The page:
How Meditation Changes Your Brain

Have you ever wondered if you could strengthen the muscles of your brain? Would you do it?

Studies have shown that the human brain reacts to mindfulness meditation in an “easily changeable and highly influenced” way, boosting concentration in a relatively short amount of time. This is incredible news for someone who has just discovered this wonderful practice, as twenty minutes a day could mean a boost for your concentration.




According to studies, the longer and more established the meditation is, the greater are the benefits. They carried out a study and participants showed to improve focus at the end of eight weeks by meditating 30 minutes a day. It also helped reduce their negative mood.

It has also shown to help the brain to better process visual information and improve power of concentration, improving your ability to control emotions.

In a pilot study involving people with Hyperactivity Disorder, a 10-minute meditation a day for three months resulted in stress and anxiety reduction, and the symptoms of the disorder were improved too.





Not long ago the scientific community thought that as you age, your brain slowly declined. But thanks to the modern brain imaging technologies and the research into the results of meditation, that isn’t necessarily a given.



Neuroplasticity – This is the new term that science calls when talking about all the positive changes you can apply to your memory through meditation. It’s the brains ability to alter its own structure by expanding the circuits people use more often, thus by meditating, you promote neuroplasticity in your brain.






Nowadays there is a type of meditation for every occasion. Every meditation starts with a basic set of instructions. This needs to be performed on a daily basis for the effectiveness desired. Your goal should be working yourself up until you reach a point of 20 minutes a day of sitting in the silence.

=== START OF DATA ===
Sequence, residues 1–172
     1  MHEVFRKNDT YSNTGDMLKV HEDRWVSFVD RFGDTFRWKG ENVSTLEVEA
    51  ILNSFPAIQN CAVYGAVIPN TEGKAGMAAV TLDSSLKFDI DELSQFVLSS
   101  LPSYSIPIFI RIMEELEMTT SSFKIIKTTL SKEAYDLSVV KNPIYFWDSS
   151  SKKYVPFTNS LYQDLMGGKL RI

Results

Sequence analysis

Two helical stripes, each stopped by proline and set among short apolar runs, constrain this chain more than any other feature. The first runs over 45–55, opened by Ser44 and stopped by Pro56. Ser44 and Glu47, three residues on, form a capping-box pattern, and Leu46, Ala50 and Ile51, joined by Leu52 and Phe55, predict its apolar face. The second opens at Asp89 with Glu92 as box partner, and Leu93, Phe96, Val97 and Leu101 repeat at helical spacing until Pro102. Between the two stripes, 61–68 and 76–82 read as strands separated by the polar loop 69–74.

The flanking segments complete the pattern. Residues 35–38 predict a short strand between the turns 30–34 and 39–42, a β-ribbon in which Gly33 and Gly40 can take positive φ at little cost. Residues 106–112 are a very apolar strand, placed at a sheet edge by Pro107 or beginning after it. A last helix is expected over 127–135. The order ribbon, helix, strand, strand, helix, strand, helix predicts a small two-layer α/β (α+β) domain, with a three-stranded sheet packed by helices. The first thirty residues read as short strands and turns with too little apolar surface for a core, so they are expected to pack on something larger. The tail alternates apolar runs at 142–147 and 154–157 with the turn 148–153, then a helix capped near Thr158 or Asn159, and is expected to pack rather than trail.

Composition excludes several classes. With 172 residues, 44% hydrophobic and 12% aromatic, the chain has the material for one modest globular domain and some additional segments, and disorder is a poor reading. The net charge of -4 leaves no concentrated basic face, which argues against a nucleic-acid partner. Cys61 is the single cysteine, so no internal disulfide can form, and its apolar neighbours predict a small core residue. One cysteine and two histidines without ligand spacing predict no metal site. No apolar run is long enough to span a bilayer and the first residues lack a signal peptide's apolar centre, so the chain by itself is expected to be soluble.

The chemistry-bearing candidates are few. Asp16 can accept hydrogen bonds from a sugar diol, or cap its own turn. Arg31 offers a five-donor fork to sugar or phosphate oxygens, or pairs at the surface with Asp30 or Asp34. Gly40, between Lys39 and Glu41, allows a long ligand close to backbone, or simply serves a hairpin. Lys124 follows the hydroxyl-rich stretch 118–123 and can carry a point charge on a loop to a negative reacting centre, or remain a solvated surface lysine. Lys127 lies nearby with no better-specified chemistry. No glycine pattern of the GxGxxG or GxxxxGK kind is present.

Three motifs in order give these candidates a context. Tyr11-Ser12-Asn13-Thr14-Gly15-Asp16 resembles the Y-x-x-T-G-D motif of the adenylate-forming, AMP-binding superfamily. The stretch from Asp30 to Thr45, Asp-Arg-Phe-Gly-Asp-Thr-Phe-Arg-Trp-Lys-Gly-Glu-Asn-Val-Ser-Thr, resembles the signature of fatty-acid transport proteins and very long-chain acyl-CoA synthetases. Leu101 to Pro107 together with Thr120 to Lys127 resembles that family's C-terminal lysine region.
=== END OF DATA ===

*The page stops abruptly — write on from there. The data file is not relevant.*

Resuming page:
It sounds somewhat odd to face your blank mind, and for surely your mind might wander elsewhere by mid-process. More likely you’ll probably feel out of your comfort zone in the beginning, but practising it little by little each day will make you master it.



Your cognitive powers will start to strengthen when you start doing a simple five-minute meditation and then you can slowly grow that.

Set you phone timer and off you go. If you think five minutes is too long, try two to start with. This should help you to get a feeling of sitting in silent stillness and that time can gradually increase, as you feel more comfortable to keep going.







If you want help to boost your self-image, be patient and start slowly. Don’t beat yourself up just because you couldn’t accomplish your initial goal of x minutes.

Go a little longer than today each day and you’ll soon be doing a 30-minute meditation every day without even realising.



There should probably be a proper time and place but the truth is, we tend to get busier than ever nowadays and frankly, trying to establish a time and place can be stressful, so basically you’re trying to solve a problem and creating another. Therefore try not to stress much about it and whatever time or place you can fit into your routine is golden time. Don’t let the “when” and “where” become an excuse. Just make sure that you perform it around the same time every day.

The room should be as quiet as possible. Give your mind every opportunity to concentrate. Eventually you’ll become immune to little noises and they may even serve you as white noise up until when you realise you can meditate pretty much anywhere






Before you start the actual meditation, you have to adopt a new state of mind. The development of mindfulness is a vital part of meditation.

There has to be a new awareness, and the main goal is that you need to have awareness of your own body.



There is a learning curve when developing mindfulness for meditation. If your mind wander elsewhere, try to ignore the sensations you’re feeling when meditating.






It’s very important to choose a comfortable position for your meditative practise. Your senses may become magnified during this transitional phase, and this is normal. It means that your sense of mindfulness is developing.



The cornerstone of the meditative experience is the breath. Through meditation, you increase awareness of this involuntary action.

Inhale, exhale, rise and fall of every breath – turn your concentration on this to increase your awareness on this involuntary action, thus it can become the perfect object of mindfulness for beginners – And remember, stillness is the key to succeed on this practise.


Do you have any suggestions for different types of meditation? Share your story with us below!


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